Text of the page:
3. Help to maintain a tidy environment. An important part of a CNA job is helping your patients maintain a tidy living space whether this is in their home or a community setting. You may help make beds, sweep the floor, and clean out the fridge. Often times those needing care can’t do simple cleaning chores and CNAs help to provide a clean and tidy environment.
4. Assist with patient transportation. Sometimes as a CNA you may be responsible for helping to lift patients into a wheelchair, assisting to help load a patient, attending doctor appointments and lab tests, and sometimes even driving a patient to the doctor yourself. The amount and type of transportation you will do will depend on where you choose to work and the types of patients you’re working with.
How much do CNAs make?
How much do CNAs make? Pay for CNA jobs varies based on your experience, where you live, and where you work. Typically, pay ranges from $9 per hour to $17 per hour. Some companies offer live-in caregiver jobs that allow you to work a few days and earn a full salary. For live-in jobs, we see companies paying $1,000 – $1,300 per week. If you want to learn more about what companies are paying in your area, search jobs at myCNAjobs.com. You can enter your zip code and then see specific companies and pay rates. Our prediction is that CNA wages will start to increase even more as the demand for certified nursing assistants increases.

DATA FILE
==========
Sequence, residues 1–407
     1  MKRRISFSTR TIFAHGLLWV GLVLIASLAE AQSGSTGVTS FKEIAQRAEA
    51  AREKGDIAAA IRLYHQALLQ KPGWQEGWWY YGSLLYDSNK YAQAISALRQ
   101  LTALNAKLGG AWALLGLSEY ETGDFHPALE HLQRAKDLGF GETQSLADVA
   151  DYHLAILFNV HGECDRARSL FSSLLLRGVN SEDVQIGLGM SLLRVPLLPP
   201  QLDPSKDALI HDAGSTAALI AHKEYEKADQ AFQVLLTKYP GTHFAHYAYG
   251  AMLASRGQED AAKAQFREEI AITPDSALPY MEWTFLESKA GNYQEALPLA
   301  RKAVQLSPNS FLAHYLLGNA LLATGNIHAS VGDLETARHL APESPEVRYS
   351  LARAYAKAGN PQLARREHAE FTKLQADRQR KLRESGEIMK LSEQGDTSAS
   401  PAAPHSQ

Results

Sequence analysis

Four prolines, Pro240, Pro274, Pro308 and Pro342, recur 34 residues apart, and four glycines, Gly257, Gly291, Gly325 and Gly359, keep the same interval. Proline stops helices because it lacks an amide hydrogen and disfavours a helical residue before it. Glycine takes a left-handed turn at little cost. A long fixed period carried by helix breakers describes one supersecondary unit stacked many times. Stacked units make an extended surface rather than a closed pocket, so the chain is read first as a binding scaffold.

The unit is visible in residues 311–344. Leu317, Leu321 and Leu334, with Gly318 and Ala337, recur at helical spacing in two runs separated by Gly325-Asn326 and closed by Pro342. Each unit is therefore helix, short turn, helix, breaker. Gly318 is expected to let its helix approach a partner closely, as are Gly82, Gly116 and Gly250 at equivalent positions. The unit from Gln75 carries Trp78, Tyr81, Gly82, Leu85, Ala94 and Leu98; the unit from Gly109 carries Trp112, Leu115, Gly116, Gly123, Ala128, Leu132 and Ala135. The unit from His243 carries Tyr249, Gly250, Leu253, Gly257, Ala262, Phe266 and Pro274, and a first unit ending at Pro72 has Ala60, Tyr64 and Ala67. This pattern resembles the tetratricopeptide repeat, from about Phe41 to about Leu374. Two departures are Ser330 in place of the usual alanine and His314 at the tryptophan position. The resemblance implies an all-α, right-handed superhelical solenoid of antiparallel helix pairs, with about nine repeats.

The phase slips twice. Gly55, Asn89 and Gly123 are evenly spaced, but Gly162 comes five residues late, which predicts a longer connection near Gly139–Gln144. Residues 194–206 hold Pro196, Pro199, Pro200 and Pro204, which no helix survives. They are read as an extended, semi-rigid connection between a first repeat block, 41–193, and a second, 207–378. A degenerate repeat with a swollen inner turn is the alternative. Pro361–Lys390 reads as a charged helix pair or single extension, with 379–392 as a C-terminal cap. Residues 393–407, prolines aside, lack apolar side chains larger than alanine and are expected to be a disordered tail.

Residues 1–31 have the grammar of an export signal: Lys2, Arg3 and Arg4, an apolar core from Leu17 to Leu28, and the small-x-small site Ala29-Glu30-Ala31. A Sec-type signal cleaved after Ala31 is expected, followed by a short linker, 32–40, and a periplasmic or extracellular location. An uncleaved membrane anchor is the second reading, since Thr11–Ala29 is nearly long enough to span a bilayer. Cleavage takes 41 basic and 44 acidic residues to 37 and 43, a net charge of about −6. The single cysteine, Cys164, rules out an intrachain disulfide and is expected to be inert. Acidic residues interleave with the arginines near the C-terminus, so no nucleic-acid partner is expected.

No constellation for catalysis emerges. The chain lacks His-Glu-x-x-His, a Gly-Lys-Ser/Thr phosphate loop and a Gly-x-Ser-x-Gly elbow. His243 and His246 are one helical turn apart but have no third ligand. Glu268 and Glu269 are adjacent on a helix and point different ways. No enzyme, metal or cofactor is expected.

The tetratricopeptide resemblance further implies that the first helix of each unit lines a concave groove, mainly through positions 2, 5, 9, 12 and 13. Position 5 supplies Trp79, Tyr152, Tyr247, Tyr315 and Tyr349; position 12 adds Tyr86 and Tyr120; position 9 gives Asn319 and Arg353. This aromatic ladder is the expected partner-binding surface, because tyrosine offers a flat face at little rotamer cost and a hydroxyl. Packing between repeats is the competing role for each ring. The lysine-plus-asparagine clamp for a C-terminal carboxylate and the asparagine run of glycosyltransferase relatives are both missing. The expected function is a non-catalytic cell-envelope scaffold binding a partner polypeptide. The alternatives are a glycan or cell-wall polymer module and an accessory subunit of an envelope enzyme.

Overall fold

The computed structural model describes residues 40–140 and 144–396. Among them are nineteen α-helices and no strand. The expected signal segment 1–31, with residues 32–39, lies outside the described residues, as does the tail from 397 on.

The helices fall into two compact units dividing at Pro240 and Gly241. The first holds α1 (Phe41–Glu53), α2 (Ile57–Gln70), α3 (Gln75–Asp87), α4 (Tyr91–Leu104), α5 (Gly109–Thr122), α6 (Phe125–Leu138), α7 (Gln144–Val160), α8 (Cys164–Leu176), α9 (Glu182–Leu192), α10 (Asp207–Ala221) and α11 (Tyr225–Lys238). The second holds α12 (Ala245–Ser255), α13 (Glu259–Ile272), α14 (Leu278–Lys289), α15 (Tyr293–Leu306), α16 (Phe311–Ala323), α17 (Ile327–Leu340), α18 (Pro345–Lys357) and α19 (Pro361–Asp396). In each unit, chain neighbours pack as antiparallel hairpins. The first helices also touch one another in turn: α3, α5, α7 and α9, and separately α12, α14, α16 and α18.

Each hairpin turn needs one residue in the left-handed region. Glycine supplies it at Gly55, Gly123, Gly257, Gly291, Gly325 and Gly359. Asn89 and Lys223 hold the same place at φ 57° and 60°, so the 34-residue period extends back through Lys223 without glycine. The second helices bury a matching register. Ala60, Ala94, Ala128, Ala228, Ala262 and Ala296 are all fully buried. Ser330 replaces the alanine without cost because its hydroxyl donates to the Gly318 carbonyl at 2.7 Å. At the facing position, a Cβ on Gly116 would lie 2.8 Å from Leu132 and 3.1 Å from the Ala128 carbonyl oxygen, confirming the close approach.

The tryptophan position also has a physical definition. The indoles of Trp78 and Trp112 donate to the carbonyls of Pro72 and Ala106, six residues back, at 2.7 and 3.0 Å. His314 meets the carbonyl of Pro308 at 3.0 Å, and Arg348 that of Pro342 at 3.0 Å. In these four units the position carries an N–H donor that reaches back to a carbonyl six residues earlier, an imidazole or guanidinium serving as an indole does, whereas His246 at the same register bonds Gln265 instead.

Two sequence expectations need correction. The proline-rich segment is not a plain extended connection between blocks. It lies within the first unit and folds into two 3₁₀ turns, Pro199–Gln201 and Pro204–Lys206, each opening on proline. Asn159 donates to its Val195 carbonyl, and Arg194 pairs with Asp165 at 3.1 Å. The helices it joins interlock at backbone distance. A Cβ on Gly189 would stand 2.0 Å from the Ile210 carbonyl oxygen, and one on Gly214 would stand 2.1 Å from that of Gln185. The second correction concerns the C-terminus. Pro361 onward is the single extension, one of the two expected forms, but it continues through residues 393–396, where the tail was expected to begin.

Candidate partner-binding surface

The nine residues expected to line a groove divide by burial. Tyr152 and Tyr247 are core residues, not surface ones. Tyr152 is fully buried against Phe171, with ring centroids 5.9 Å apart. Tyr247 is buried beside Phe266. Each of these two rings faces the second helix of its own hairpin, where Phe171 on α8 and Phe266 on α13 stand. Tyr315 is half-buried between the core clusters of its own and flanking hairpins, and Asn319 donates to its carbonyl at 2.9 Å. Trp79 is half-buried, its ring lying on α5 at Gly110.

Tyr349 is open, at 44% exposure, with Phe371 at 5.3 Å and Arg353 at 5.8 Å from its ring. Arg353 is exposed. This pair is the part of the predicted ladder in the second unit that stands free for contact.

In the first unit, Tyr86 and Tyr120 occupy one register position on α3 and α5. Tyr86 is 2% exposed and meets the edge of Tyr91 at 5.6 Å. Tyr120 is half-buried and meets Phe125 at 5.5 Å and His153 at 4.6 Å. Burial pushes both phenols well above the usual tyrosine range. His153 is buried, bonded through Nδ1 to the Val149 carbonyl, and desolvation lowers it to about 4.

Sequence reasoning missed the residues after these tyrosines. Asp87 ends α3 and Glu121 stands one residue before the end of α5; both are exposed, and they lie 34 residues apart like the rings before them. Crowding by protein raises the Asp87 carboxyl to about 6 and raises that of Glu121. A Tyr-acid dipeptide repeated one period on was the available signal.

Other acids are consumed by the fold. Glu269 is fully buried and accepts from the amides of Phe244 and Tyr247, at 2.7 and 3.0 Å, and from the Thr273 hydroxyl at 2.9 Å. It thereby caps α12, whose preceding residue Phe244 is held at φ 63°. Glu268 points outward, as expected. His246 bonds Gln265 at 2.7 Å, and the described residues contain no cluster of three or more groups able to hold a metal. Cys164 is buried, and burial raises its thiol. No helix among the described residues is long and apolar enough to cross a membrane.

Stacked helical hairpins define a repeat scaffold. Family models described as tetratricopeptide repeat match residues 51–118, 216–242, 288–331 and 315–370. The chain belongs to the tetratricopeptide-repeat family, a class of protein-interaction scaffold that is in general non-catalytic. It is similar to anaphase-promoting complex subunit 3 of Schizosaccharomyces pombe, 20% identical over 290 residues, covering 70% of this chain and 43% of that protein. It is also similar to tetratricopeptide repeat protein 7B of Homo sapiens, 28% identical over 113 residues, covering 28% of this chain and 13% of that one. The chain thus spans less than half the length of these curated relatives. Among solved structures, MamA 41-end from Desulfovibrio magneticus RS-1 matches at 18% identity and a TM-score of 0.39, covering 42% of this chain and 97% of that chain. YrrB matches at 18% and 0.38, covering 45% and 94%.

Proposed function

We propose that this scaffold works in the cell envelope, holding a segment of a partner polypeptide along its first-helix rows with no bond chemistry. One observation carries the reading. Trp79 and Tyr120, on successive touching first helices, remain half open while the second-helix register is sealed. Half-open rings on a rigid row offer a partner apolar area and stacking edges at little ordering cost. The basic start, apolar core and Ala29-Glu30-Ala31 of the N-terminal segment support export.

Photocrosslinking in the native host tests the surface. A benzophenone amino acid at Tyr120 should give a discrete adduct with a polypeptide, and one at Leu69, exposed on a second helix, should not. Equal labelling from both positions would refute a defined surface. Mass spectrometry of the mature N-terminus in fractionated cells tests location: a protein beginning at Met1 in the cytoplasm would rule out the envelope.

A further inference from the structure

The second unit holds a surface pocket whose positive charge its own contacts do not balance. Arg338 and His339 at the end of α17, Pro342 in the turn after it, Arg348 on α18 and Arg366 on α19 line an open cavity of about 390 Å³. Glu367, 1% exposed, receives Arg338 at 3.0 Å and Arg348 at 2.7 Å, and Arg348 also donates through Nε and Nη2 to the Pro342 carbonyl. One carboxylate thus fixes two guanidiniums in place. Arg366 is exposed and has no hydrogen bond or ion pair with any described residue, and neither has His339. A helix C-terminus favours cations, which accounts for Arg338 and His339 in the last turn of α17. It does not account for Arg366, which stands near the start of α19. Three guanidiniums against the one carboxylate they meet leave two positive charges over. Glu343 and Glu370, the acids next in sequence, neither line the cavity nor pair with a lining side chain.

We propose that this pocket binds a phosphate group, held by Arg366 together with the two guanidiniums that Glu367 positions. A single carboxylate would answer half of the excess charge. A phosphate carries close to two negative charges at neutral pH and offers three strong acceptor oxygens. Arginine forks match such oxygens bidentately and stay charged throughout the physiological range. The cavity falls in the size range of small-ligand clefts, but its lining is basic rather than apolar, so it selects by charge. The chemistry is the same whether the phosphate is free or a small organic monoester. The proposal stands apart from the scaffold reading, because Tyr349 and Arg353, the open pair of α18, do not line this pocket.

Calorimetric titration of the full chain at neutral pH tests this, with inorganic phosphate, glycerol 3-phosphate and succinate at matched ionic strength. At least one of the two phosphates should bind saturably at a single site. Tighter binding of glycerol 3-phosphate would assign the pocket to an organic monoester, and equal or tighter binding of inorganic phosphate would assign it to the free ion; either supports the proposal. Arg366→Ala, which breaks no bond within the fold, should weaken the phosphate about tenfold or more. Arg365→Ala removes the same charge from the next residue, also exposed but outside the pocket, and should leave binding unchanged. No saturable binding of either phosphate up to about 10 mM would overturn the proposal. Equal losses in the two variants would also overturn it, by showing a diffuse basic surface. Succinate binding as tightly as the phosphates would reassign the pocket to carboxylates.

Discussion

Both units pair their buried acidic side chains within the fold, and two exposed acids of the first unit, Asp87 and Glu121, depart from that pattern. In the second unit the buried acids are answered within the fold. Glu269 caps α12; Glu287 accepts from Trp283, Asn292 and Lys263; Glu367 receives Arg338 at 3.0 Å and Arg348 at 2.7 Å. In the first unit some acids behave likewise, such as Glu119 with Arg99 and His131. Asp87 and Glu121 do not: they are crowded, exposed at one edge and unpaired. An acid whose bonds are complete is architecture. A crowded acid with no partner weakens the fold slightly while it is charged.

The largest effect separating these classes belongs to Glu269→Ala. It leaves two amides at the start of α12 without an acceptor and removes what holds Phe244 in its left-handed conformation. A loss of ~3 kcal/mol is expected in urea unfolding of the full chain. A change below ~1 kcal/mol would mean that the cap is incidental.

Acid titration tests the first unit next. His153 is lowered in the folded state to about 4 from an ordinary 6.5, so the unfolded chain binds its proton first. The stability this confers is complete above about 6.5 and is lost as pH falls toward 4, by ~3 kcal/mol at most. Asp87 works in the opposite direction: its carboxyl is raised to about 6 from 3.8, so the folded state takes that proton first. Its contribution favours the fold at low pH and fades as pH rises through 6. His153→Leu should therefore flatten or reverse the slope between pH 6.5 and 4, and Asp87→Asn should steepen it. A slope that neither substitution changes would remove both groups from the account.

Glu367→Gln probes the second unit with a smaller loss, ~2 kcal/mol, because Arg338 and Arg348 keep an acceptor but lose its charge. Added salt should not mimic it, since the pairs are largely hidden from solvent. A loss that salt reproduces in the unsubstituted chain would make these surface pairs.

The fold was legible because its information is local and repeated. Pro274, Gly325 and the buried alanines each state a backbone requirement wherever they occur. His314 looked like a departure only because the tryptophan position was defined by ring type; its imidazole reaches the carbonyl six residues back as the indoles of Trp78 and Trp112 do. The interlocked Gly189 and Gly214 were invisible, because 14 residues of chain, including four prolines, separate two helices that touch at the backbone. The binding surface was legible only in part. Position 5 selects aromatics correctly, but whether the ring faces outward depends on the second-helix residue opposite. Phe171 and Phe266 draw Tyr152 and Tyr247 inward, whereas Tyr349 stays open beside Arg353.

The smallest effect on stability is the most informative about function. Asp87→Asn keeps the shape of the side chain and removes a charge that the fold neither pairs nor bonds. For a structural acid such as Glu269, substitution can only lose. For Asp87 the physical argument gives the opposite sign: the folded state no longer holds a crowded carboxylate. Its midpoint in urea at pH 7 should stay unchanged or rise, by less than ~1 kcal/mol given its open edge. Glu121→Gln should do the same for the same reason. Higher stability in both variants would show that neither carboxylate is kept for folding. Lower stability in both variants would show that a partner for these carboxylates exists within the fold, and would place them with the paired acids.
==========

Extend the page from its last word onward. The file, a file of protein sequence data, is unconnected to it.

How do you become a CNA?
To become a certified nursing aide, you need to find local a local CNA school. There are currently no online CNA training options to get your state certificate — however a portion of your training may be done online. To find a local CNA class, you can visit myCNAjobs.com and click SCHOOLS. There’s a directory of training options that may also include local community colleges. It will outline the school cost and how long the classes will take. CNA classes range from 3 weeks to 12 weeks depending on the program you choose. Once you have your CNA, there are free CEUS available to maintain your certificate available at myCNAjobs — that portion of your training can be done online.
How do you find a CNA job?
How do you find a CNA job? This is the fun part! You can search online to find local companies that are hiring. If you visit myCNAjobs.com you can search thousands of local companies that hiring closest to you. You can also just call our team — we can share more about current openings in your area and potentially book you for an interview! Our recruitment number is 312-275-3959 if you want to explore jobs before, during, and after you get your CNA. Another way to find a job is to attend local job fairs. Communities typically hold job fairs throughout the year, bringing together multiple companies for you to meet in a single day.
Well, that’s it folks. If you like what you saw here today, consider taking the leap to take your career to the next level to become a CNA. If you’d like to access additional training materials, apply for a CNA scholarship, or research schools and local CNA jobs, be sure to check out the free resources available to you at myCNAjobs.com.